Christmas is a time of year when everyone reaches for smoked salmon, and until recently you could shop for the smoked stuff without a care in the world. So long as your pocket stretched, you were guaranteed a guilt-free Christmas treat. Not any longer. Although the cost of smoked salmon may have gone down, the environmental cost has grown.
Salmon farming has been fraught with issues surrounding over-use of antibiotics and toxic chemicals, effluent discharges and errant salmon who merrily escape to infect their wild cousins. Efforts have been made to overcome these problems; for example vaccinating fish instead of using antibiotics and positioning salmon farms in fast-moving tidal waters where effluent is flushed away. The first global study on the environmental effects of salmon aquaculture, however, was damning.
The 2008 study by Nova Scotia researchers Jennifer Ford and Ransom Myers found that wild runs near salmon farms suffered population losses of at least 50 per cent each year. The wild runs were being attacked by parasitic sea lice, multiplying in their millions around caged salmon. Ford and Ransom concluded that the scale of loss to wild stock was unsustainable.
In terms of sustainability there is one other issue – feed. Salmon are carnivorous and fed fish protein made from small marine species with no commercial value, which are unintentionally caught as bycatch. This is supplemented with fish oil, again from wild fish. The question therefore remains, just how sustainable is that Christmas canape?
Before we all shake our heads in despair and become vegetarian, there is a note to add, and that is about a positive fishing revolution, or renaissance, that I myself had the pleasure to watch in action. I am talking about the re-branding of the Cornish pilchard. No longer a small, tomatoey bony thing, the Cornish sardine is bigger, fatter and, apparently, more in demand than ever.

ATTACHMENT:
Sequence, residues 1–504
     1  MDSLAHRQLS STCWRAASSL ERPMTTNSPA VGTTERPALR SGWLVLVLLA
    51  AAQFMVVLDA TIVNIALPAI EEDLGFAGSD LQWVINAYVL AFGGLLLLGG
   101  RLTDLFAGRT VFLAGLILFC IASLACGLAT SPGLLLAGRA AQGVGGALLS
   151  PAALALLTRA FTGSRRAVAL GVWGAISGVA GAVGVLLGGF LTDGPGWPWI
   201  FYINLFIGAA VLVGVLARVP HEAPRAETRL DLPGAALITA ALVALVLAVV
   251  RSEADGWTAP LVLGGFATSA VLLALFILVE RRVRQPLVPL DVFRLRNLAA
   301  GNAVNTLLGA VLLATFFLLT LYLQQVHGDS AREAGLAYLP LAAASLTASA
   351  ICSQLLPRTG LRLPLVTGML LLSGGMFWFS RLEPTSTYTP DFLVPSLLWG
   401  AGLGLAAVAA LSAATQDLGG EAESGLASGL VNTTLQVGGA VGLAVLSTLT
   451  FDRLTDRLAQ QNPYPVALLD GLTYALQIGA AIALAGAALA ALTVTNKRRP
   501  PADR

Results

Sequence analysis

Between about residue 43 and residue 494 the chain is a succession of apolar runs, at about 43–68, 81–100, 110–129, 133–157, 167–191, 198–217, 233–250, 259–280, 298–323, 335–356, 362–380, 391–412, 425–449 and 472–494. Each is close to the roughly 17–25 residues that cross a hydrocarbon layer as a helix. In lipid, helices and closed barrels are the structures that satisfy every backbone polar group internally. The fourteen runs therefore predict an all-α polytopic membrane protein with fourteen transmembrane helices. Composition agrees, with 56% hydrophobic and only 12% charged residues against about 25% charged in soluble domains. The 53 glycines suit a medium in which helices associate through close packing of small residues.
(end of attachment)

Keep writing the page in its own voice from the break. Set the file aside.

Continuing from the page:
I took a trip out into Mounts Bay with Sam Lambourn, a Cornish fisherman, who has turned his hand to fishing for Cornish sardines. That means using a method called ring netting to pounce on sardines, found using sonar. Sam also uses a type of pump to suck the fish straight out of the net and onto ice, without so much as a scale out of place.
Sam chose to fish for sardines after spotting shoals in the waters off Mounts Bay five years ago and realising that in today’s Omega-conscious world there is, once again, a market for them. Instead of always processing the sardines into tightly-packed tins there is, now, an emphasis on getting fresh juicy fish from sea to plate in 24 hours. Moreover, ring netting means that the quality of the fish is better than ever before.
Sardines on toast anyone?